NPR reports doctors are looking at why and have several possible explanations: Less exposure to other infectious diseases - due to isolation and better hygiene - better adherence to medical advice on inhalers and less air pollution.
Impact of the COVID-19 Pandemic on Pediatric Emergency Department Utilization for Asthma - the report by Children's Hospital.
Good News: Environmental policies such as decreasing pollution have immediate, positive benefits. Substantial changes are possible and can be done quickly when demanded.
Bad News: If America is sucking so hard at COVID -- something comparably easy to control -- we're completely fucked when it comes to climate change.
Environmental destruction and forced changes make COVID look like a paper cut.
I'm hoping COVID will teach society at large that a lot of the things environmental folks and disability advocates and others have been promoting for years are possible and don't result in the sky falling. We don't in fact need most of our workforce commuting every day. Most workplaces don't need every single person in the office M-F 9-5 and can function just fine with people coming in a few days a week and doing things remotely the rest of the time. We can then have smaller workspaces and less travel happening. We also have shown that a lot of things work just fine over video and people don't need to be traveling for things like quick checkins with medical providers, social service agencies, etc.
My hope is the lesson would be less about telecommuting and more about public transportation. There's been plenty of articles about people living in cities suddenly buying cars.
City living is environmentally preferable. It shouldn't matter if you work from home or not if you don't drive daily. And it's better to heat/cool a single office building than the single-family suburban/rural homes of the employees. Having the population spread out is not a net win.
Sadly, it seems the last few months of the pandemic have only reinforced the worse: Driving is near what it once was, delivery waste is massive, and public transportation has permanently been reduced. April and May showed what was possible and November & December showed it isn't going to last.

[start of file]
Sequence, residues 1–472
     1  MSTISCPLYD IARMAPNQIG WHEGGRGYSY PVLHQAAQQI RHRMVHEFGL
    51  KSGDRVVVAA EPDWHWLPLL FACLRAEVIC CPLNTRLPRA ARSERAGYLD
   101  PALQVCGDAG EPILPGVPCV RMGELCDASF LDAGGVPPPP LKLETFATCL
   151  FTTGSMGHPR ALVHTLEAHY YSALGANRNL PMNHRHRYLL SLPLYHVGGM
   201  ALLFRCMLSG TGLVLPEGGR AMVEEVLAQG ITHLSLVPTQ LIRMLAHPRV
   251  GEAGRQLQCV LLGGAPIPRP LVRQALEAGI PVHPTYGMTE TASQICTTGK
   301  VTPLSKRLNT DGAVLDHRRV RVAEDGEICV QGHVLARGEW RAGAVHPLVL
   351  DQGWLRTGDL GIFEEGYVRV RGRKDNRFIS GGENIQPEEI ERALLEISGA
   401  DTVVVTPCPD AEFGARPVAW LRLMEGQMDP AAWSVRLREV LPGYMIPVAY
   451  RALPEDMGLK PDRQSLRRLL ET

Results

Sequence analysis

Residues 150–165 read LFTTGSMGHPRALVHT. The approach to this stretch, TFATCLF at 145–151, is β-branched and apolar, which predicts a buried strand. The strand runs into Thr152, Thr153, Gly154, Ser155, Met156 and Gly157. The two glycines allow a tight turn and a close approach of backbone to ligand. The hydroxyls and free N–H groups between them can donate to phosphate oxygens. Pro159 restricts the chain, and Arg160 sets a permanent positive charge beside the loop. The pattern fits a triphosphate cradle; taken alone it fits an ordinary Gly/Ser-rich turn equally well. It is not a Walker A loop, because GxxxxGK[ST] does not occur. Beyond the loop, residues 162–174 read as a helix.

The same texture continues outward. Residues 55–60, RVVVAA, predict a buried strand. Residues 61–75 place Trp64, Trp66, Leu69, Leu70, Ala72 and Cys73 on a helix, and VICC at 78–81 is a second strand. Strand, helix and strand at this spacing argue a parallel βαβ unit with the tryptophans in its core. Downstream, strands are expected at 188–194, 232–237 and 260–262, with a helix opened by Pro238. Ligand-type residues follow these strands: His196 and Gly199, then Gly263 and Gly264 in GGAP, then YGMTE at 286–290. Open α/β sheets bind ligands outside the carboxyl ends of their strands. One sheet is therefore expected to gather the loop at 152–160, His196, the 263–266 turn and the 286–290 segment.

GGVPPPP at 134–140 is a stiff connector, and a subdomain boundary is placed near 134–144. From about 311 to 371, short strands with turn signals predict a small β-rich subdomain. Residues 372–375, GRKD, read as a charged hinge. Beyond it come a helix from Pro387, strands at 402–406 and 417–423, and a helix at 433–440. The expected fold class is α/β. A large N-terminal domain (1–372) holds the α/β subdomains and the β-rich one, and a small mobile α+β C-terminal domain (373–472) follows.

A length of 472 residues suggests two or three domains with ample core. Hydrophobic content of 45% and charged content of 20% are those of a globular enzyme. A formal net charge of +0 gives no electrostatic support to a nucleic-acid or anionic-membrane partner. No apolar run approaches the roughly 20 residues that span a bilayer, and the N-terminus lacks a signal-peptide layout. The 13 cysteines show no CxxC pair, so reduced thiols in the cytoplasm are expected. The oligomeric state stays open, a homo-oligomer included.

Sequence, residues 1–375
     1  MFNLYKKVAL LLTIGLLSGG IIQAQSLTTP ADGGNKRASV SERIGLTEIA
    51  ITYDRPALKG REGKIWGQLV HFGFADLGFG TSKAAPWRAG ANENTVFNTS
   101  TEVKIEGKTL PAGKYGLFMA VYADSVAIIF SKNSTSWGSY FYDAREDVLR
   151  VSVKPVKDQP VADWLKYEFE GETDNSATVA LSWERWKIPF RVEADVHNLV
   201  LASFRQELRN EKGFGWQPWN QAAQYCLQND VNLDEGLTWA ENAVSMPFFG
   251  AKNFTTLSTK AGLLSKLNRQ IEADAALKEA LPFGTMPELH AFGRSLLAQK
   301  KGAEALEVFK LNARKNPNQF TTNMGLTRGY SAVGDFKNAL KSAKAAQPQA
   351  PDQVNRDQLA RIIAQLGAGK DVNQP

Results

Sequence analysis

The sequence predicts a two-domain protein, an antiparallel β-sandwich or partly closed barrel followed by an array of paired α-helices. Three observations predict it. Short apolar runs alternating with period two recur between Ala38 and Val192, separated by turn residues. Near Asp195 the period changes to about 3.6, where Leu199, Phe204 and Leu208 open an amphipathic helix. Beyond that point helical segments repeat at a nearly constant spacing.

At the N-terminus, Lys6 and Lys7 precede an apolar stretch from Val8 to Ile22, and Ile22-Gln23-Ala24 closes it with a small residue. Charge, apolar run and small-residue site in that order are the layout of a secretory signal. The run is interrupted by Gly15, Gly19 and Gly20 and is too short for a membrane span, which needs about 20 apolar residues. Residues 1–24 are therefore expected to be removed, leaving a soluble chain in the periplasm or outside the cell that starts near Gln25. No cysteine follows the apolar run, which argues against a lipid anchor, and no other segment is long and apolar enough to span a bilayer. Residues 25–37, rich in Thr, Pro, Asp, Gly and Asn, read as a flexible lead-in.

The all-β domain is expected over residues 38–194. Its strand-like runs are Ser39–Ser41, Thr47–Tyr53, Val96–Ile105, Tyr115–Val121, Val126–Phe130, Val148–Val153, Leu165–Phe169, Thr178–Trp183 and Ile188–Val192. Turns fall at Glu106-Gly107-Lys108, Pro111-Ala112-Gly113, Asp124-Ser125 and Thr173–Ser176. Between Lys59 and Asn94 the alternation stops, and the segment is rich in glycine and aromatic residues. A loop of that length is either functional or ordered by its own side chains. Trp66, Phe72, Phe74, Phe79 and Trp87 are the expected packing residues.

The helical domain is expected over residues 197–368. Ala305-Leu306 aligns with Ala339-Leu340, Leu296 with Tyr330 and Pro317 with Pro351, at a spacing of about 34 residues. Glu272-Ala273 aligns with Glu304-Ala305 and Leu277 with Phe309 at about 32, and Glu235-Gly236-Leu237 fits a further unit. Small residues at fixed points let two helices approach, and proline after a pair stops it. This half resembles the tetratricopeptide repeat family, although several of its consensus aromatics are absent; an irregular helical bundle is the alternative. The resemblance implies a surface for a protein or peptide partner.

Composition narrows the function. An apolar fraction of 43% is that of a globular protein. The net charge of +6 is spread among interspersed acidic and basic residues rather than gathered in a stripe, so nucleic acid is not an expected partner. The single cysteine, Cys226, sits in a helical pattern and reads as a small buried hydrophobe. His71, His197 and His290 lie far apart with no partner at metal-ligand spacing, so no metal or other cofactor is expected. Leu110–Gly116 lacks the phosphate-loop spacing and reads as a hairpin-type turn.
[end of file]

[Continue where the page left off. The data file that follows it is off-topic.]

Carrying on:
The study authors identify several other potential reasons for the drop which aren't all good -- like avoidance of the hospital and reduced participation in sports and exercise. Unsurprisingly, the incidence of other communicable diseases is also way down and that would reduce the likelihood of kids getting asthma. But we do want kids to be able to go to school for more effective learning and socialization.
It might be reduced pollution. But it might be a lot of other factors, too. There isn't enough evidence to support a conclusion apart from ED visits going down. The study authors even point out that the decline seems more consistent with seasonal declines during the summer months which are likely connected with kids being out of school.
It could be lots of things together, sure, but my understanding of the etiology of childhood asthma exacerbations would make the reduced pollution and not being in school buildings a big part of the reduction in visits.
School buildings in this state can be pretty nasty with mold, cleaning products, pesticides, etc. Parents are now trained to reduce problems at home and most do a very good job of keeping their homes clear of triggers.
I'll add personal experience to this hypothesis. As a senior with substantial lung disease (chronic asthma) the shut down and staying close to home and away from outside pollutants has seen me greatly reduce my need for bronchodilators (inhalers). The reduction has been more than 50%. So this needs to be looked at, if for nothing else as an indicator.
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